Cinnamon

Publisher: Bloomsbury

Review

Blind Princess Cinnamon does not talk. The Rajah and the Rani offer great rewards to anyone who can get Cinnamon to say something, but after many learned visitors try, a talking, man-eating tiger arrives at the castle.

Alone with the Princess, the tiger – 'a nightmare in black and orange who moved like a god through the world' – shows Cinnamon pain, by sticking a claw into her hand, and fear, by roaring its terrible roar. However, he also shows her love by licking her face with his rough, red tongue, which is what makes Cinnamon utter her first word.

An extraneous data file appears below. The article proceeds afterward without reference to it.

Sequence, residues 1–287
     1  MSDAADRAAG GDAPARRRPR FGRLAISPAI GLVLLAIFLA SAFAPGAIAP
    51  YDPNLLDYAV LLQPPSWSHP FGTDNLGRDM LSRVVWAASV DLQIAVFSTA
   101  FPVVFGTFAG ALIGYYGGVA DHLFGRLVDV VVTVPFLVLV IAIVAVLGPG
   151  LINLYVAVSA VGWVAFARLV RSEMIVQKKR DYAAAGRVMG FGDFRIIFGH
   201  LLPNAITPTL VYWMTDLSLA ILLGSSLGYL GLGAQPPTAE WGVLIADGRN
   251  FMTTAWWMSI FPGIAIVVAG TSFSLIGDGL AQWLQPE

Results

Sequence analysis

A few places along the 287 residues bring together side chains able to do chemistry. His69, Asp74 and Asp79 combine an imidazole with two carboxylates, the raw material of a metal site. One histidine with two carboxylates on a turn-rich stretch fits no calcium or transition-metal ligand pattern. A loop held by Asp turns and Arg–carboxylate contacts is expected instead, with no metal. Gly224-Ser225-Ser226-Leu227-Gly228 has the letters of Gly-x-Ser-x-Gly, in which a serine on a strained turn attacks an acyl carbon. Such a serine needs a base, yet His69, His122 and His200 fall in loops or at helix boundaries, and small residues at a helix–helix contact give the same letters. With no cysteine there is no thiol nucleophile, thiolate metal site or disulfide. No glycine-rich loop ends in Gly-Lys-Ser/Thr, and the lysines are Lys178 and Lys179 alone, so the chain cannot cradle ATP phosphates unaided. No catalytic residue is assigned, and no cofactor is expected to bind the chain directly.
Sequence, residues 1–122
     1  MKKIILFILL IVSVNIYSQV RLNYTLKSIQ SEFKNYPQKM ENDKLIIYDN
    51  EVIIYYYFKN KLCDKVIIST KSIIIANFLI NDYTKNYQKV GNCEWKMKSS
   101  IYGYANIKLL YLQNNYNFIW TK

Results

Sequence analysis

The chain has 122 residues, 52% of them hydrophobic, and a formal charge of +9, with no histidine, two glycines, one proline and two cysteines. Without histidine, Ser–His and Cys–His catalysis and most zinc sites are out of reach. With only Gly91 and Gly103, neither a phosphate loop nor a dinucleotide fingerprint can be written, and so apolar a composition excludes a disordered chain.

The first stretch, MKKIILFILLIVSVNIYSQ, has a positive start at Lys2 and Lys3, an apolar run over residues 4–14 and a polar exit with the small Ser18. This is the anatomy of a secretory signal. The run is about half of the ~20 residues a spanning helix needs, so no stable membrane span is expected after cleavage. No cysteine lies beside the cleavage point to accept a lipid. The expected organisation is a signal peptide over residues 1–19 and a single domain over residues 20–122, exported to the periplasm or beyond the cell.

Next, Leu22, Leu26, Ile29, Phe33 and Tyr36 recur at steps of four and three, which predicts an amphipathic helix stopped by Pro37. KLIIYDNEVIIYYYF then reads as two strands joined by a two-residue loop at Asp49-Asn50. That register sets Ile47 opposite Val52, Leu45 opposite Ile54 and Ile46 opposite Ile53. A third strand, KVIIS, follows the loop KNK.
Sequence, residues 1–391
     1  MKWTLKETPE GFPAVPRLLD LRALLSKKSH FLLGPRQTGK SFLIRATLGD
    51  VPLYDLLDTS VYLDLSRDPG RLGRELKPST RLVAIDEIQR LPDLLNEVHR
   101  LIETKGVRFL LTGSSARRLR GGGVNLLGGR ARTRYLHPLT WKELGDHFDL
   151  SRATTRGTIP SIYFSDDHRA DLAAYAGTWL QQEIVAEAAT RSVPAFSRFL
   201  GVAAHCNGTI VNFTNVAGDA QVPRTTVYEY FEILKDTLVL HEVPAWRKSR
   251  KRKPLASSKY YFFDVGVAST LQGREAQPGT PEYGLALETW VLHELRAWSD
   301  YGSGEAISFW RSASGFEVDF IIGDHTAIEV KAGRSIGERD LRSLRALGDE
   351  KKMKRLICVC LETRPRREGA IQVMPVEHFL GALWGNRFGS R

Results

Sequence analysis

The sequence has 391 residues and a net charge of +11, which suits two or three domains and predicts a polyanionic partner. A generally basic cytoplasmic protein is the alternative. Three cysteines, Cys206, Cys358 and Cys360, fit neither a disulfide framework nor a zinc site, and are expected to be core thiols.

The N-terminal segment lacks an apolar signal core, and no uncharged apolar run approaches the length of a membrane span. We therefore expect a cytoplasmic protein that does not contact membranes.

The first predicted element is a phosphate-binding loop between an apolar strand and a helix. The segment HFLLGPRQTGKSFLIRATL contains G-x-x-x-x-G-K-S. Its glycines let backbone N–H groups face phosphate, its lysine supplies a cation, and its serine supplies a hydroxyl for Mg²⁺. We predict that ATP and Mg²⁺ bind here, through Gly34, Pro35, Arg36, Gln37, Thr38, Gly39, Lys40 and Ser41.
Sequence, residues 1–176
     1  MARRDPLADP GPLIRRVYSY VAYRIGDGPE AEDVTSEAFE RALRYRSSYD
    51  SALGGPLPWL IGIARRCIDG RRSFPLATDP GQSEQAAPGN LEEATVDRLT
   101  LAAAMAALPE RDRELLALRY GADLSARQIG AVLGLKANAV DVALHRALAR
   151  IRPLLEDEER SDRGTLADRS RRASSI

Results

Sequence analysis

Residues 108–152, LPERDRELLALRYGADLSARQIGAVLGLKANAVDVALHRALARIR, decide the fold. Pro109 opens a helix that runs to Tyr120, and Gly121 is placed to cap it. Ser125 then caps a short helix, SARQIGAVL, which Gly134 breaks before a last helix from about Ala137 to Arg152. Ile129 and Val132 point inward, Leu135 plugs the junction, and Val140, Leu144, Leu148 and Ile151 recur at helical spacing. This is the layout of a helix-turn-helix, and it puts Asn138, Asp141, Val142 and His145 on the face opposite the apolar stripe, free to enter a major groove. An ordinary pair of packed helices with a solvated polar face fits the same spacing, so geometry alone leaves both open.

A very special, haunting and mythical tale with lush, vibrant images, this new Neil Gaiman fable illustrated by Divya Srinivasan is as typically unusual and compelling as you would expect. Like traditional fairy tales, there’s a sense of shadow that lurks under the story of the tiger and the princess, but the moral of the story – about being free to be yourself – is an enduring one.

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